Universities accused of socially engineering intakes

A string of leading universities have been plunged into a row over claims that they are socially engineering their intake.

Edinburgh, Leeds, Bristol and Birmingham universities have drawn up points systems which effectively boost the exam grades of children from poorer homes, to give them a better chance of winning a place.

As a consequence, middle class children face losing out to children with lower grades.

The Government has repeatedly urged universities to do more to attract a wider mix of students. Ministers have backed the use of information about applicants’ backgrounds - referred to as “contextual data” - without specifying how it should be used.

Many institutions say they consider such data when choosing between applicants on a case-by-case basis.

However, systems which allocate a numerical score to each applicant based in part on their social background - revealed for the first time today - will be regarded as highly controversial.

Examples seen by The Sunday Telegraph include:

- At Edinburgh, all undergraduate applications have been given a numerical score for the last two years. The points awarded for attending a very low-performing school boost the score of a pupil with three Bs beyond that of one with three A*s.

- In Leeds, students applying to read medicine could be given so many points for coming from a low-income area and a poor school that three B grades would effectively become three A*s.

- Bristol is implementing a points system across its courses where pupils from poor schools “will be given an automatic weighting to their total academic score”, while Birmingham has drawn up a similar policy but is not yet using it.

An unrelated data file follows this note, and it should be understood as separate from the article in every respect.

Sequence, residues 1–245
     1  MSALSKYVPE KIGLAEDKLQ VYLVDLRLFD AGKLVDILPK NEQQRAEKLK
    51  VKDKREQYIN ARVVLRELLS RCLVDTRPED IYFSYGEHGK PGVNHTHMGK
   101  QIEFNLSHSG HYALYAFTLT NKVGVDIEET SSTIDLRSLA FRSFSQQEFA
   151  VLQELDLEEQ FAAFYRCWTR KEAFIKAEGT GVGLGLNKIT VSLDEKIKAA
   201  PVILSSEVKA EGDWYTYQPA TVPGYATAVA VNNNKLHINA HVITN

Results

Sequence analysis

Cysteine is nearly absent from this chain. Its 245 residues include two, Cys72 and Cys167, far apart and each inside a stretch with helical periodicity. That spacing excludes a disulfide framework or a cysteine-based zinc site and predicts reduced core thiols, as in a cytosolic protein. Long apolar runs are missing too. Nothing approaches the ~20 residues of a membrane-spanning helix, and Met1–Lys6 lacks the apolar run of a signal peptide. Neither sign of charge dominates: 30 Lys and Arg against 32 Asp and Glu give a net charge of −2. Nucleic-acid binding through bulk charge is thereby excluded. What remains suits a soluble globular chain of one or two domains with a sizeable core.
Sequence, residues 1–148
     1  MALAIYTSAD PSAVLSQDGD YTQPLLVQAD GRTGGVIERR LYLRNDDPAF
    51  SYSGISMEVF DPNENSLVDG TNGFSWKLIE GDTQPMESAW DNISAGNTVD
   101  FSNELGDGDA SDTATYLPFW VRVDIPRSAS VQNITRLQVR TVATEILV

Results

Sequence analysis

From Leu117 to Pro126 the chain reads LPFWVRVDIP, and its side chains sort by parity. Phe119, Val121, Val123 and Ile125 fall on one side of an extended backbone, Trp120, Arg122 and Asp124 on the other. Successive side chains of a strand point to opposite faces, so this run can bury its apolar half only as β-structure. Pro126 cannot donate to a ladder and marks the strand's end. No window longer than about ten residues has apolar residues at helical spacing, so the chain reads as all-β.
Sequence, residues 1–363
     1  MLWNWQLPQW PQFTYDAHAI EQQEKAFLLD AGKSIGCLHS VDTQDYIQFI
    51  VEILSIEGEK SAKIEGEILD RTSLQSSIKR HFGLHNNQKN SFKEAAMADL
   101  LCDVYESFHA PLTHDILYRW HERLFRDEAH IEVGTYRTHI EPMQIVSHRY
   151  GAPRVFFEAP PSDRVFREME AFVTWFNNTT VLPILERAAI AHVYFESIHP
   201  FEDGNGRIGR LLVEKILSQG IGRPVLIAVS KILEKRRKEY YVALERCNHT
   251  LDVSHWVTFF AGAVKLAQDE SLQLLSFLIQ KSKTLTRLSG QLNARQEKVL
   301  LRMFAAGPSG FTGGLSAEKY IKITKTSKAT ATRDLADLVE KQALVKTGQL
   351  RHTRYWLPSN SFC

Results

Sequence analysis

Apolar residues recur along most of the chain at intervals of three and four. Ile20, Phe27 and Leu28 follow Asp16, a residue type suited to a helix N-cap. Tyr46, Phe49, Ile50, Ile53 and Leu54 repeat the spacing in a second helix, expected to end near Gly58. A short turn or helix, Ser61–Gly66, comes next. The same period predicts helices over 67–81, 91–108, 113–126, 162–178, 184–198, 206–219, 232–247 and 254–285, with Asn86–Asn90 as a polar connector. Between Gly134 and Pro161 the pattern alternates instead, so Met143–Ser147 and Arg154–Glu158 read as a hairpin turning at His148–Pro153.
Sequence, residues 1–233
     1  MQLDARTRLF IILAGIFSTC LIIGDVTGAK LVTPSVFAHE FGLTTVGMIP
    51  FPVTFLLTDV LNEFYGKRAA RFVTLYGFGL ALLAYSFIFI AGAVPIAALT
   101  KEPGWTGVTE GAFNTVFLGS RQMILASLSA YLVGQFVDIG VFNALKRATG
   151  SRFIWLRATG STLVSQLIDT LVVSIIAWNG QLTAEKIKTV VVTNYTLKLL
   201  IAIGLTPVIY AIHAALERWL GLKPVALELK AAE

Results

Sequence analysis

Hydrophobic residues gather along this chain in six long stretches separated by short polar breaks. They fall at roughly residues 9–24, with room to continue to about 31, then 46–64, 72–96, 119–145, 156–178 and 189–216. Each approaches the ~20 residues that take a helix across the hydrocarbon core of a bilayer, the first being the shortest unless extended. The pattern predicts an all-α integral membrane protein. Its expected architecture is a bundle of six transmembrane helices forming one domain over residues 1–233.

Critics last night said the points systems, revealed under the Freedom of Information Act, amounted to “generic discrimination” against middle-class families, and warned that tutors were being stripped of the discretion to select those students they think will benefit most from their course.

At Edinburgh, all applications are now scored. In science and engineering, for instance, candidates get 16 points for each A* or A grade at A-level, while a string of A* GCSEs is worth eight points.

Added to this, applicants who attended the lowest performing schools get an additional 18 points.

A sixth former scoring maximum “contextual data” points, but with three B grades, could effectively have their total boosted beyond another candidate with three A*s.

At Leeds, candidates to read medicine - a subject which receives 16 applications for every place - have been sifted in recent years using a system which combines points for exam performance and achievements such as Duke of Edinburgh awards with extra points based on social factors.

Up to six points are available for predicted or actual A-level grades, plus up to eight points for GCSE results.

In addition, a candidate can obtain up to four points for attending a poorly-performing school, judged by its GCSE results; two points for coming from a postcode where few young people go to university; and two points if they have spent time in care - making a maximum of eight “contextual” points.